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Development of molecular tools for monitoring and control of yeast and yeast-like fungi in advanced life support systems

Research project PX/8/LP/15 (Research action PX)

Persons :

  • Prof. dr.  DECLERCK Stéphane - Université Catholique de Louvain (UCL)
    Coordinator of the project
    Financed belgian partner
    Duration: 1/7/2005-31/12/2007

Description :

The aim of the present project is to contribute to the development of DNA methodologies for the rapid monitoring and control of yeast and yeast like fungi development in confined human made environments, and which would prove useful for the space habitat condition but that can also find interesting application on similar situation on earth. The use of DNA technologies would allow avoiding the handling of yeast strains by the crewmembers and to by-pass the morphological or physiological variations that may occur in space.

Up to now, survey and identification of fungi, including yeast, in manned spacecrafts made necessary to isolate the various species by air and surface sampling. Nevertheless, handling of micro-organisms is not recommendable in spacecrafts since, in multiplying the micro-organisms, it greatly increases the risk of accidental of release of huge quantity of spores resulting in large contamination. Furthermore, the morphology, the physiology, the growth, and the development of yeast in spacecrafts could be modified to some extend by micro-gravity. This might be especially true for the physiology, as demonstrated for bacteria, and which up to now, remained a major approach for identification. This could result in difficulties to accurately identify the yeast species, and thus to evaluate their ecology and bio-deterioration potential, in relation to bio-films development. Therefore, the development of other non-environment and non-culture dependant methods but still simple and especially rapid, are required for an optimum monitoring.

Objectives of the project

- To make a survey of the yeast and yeast like fungi present in manned spacecraft from various sources (air-conditioned system, filters, surface, …).
- To determine their relative frequency and their relevance in term of opportunist micro-organisms and of bio-deterioration agent of on-board equipment;
- To design molecular tools for the rapid and accurate detection of selected taxa chosen based on literature and “in situ” survey.
- To study the yeast populations diversity collected during space flights and to compare them with batches of strains from various terrestrial eco-geographic and environmental origins.


1. Literature survey of microbiology in space aircraft conditions and earth similar environment.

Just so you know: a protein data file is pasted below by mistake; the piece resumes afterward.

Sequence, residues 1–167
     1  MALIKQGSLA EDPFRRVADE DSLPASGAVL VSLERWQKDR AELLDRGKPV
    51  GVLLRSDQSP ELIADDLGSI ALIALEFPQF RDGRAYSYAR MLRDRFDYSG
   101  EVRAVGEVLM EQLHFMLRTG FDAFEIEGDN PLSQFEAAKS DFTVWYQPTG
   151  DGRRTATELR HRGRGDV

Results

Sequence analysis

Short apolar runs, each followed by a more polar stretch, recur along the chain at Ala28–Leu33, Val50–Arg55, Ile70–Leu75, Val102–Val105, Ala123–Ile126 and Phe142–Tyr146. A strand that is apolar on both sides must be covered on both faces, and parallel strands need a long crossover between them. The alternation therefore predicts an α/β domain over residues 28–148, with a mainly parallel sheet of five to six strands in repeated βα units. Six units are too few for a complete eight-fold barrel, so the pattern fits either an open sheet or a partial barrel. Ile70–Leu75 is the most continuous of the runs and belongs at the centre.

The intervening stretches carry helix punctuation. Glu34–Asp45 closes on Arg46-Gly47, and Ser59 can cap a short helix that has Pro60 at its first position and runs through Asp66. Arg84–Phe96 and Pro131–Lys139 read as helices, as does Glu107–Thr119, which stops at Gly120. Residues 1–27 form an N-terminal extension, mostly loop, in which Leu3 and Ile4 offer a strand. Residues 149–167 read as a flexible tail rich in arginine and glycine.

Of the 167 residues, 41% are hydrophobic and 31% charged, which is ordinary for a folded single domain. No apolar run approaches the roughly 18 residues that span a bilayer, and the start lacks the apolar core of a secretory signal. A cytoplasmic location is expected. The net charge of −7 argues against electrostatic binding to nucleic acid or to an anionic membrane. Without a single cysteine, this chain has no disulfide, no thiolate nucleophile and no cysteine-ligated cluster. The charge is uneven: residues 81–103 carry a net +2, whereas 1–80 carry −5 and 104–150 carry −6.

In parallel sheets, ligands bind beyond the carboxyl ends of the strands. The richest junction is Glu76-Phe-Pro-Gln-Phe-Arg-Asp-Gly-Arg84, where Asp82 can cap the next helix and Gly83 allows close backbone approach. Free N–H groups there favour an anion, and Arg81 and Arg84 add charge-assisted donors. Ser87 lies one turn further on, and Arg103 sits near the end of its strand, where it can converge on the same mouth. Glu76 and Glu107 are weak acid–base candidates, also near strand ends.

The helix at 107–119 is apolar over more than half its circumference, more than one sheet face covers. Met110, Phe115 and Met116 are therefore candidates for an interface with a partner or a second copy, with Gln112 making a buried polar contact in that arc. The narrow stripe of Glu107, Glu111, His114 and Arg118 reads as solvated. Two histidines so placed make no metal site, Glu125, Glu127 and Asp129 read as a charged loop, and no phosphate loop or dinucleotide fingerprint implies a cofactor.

2. Survey of levuriform fungi present in samples collected either in real manned space aircraft situation and in comparable environments such as sterile production chambers in pharmaceutical company, dust-free rooms in electronic industry, air filter, water system… Morphological and molecular identification of the different taxa isolated. The accurate identification at species or infra-specific level is necessary for the second step, but can also bring us useful information about the ecology of the various species, data that could be used later on to set up “preventive” measures.

3. Following the results of the step 2, a selection of the relevant yeast taxa to be worked out in the step 3 (detection by molecular tools, 5-10 taxa) will be done. The selection of the strains/taxa will be based on their frequency and abundance, their ecology, the background from literature and from BCCMTM /MUCL’s own experience regarding their potential impact as human opportunist, and their bio-deterioration or their adhesion properties on artificial substrates. The taxonomic level to work out (species, complex of species, genus) will also be determined according to several criteria as the purpose of their detection. For example, for chemical disinfections of spacecraft constituents, detection of yeast at generic level should be sufficient. However, detection up to the species level can be advantageous in some cases where properties are more species-specific, such as fouling agent, adhesion properties to artificial substrate, allergenic potential.

4. Design of molecular tools for the rapid and accurate detection of the selected taxa at the selected taxonomic level, using PCR, real time-quantitative PCR

5. Validation of the molecular tools by assays on various samples in laboratory conditions carried out on samples made in controlled laboratory conditions (controlled “complex” samples) and from “in situ” uncontrolled samples from “real” confined earth environment, and design of future experiment for their application for space aircraft conditions

6. Diversity studies of yeast populations from space and earth origin. This would allow to track the possible origin of yeast contaminant in spacecraft, and consequently to design better “preventive” measures that would reduce the risk of presence and further development.

Satellite(s) or flight opportunity(ies):

Field of research:

Life Science: Biology: Cell & Developmental Biology

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